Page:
You are a busy leader. You’ve got demands on your time at home and at work. It’s important to build in time into your schedule to slow down. And it’s all right to want to have fun.
You don’t have to spend all of your time being productive. It’s good to take time to enjoy the life that God has given you.
Here are three lessons I have learned why it’s important to carve out time to have fun.
Do you complain when things don’t go well? I know I do. But I wish I didn’t. Because complaining hurts more than it helps.
In the moment, complaining feels so good. Something isn’t going right, so you complain about what’s happening. But in the long run, it’s not good for you.
Here are three ways complaining hurts more than helps—and what you can do to avoid complaining.
Listen online to my newest archived 60-second commentary De-Clutter Your Mind on the Intentional Living Minute as the new Leadership Coach and content contributor for the Intentional Living Center.
Despite what others may tell you, gratifying your personal pleasures will not make you happy. In fact, it will leave you feeling empty. But obeying God will lead to your self-actualization.
God knows you better than you know yourself (Psalm 139:1-4). And God is for you (Romans 8:31). As a result, He knows what will truly make you happy.
Here are three reasons why obeying God will lead to your self-actualization.
If you’re like me, you’ve doubted the plans God has for you. God has told you to do something, but you doubted you could do it. But self-doubt is actually doubting God.
The Scripture says that you can do all things through Christ who strengthens you (Philippians 4:13). If God has called you to do something, then He is able to see you through (Philippians 1:6).
Here are three ways that self-doubt is tantamount to doubting God and how you can overcome self-doubt.
God wants you to be who He made you to be, work how He wants you to work, and accomplish what He wants you to accomplish. In order to do all that, you first must discover your personal identity.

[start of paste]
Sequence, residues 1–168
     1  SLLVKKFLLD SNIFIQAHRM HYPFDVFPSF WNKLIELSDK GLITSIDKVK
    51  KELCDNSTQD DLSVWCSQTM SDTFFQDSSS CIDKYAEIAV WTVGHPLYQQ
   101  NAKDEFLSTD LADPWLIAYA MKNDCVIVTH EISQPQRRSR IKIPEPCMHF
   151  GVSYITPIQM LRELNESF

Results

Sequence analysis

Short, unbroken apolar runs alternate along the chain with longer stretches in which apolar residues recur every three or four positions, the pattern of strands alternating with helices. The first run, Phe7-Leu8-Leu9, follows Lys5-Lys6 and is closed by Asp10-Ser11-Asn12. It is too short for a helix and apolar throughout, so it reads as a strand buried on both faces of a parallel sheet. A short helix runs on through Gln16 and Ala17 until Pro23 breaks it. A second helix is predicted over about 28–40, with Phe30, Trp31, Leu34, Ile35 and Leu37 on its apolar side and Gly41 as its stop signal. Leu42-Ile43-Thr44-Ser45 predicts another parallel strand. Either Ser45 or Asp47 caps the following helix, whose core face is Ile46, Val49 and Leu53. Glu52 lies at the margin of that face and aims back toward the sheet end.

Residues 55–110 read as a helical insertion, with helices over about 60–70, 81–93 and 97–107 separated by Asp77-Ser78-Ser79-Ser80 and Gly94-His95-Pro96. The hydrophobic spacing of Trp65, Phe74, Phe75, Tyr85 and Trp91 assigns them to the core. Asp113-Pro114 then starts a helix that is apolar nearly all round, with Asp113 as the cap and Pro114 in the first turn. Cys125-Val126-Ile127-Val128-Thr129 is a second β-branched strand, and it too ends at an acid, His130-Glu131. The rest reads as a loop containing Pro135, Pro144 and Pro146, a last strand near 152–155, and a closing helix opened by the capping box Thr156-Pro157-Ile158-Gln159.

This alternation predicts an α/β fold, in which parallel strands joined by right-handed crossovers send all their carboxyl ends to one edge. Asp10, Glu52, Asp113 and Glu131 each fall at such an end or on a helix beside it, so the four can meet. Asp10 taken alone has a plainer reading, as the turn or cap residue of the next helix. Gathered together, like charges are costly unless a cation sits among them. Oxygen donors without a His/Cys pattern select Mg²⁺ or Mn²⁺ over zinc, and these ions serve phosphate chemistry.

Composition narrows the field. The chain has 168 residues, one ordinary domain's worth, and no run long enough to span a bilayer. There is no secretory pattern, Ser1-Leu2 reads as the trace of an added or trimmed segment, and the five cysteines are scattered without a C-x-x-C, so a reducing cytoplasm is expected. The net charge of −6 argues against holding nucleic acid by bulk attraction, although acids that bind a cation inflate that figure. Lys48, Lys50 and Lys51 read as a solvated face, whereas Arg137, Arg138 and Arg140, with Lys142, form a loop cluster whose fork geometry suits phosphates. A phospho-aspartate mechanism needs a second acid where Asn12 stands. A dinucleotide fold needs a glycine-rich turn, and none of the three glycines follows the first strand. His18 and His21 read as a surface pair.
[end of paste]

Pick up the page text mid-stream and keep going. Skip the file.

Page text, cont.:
That is easier said than done. God is the source of your personal identity. And you must seek Him to know who He is in order to embrace the God-designed package of your personal identity.
Understanding your personal identity can be similar to understanding your company’s brand identity. Here are three questions to start you on your journey to discover your personal identity.
Have you ever started something that you didn’t finish? Did you wish later that you had kept at it? You have the ability to take on new things and finish them. You just need to make sure that you don’t quit.
I know that sounds easier said than done. But you can develop the ability to see things through. You can achieve things you never thought possible. But it requires staying power. And it requires that you don’t quit.
Here’s a three step process to help make sure you finish what you start and not quit.
The Scripture says you should be doers of the word and not just hearers (James 1:22). But why is that? Why does God say you must act on what you know?
The second half of James 1:22 tells us why: you will deceive yourself if you don’t act on what you know. And Hebrews 5:13-14 says you will be unskilled in righteousness if you don’t put into practice what you know from Scripture.
But what does that look like practically? And why is that such a big deal? Here are three things that will happen if you don’t act on what you know from Scripture.
Do you ever take inventory of how you’re progressing? I’m not asking if you are happy with who you are. I’m asking if you like who you are becoming.
In life, you are never standing still. You are either moving forward or moving backward. If you’re not progressing, then you are regressing.
It’s important to be in the habit of self-analysis. Here are nine questions you can ask yourself to find out who are you becoming.
Your followers expect certain things from you as a leader. They want to know that you will provide them what they are looking for. But first it is important to know what your followers want.
Your followers all want the same things—whether they are your children, the members of your church, or the employees at your business. They are all looking for your leadership to provide four things.
Here are the four things your followers want.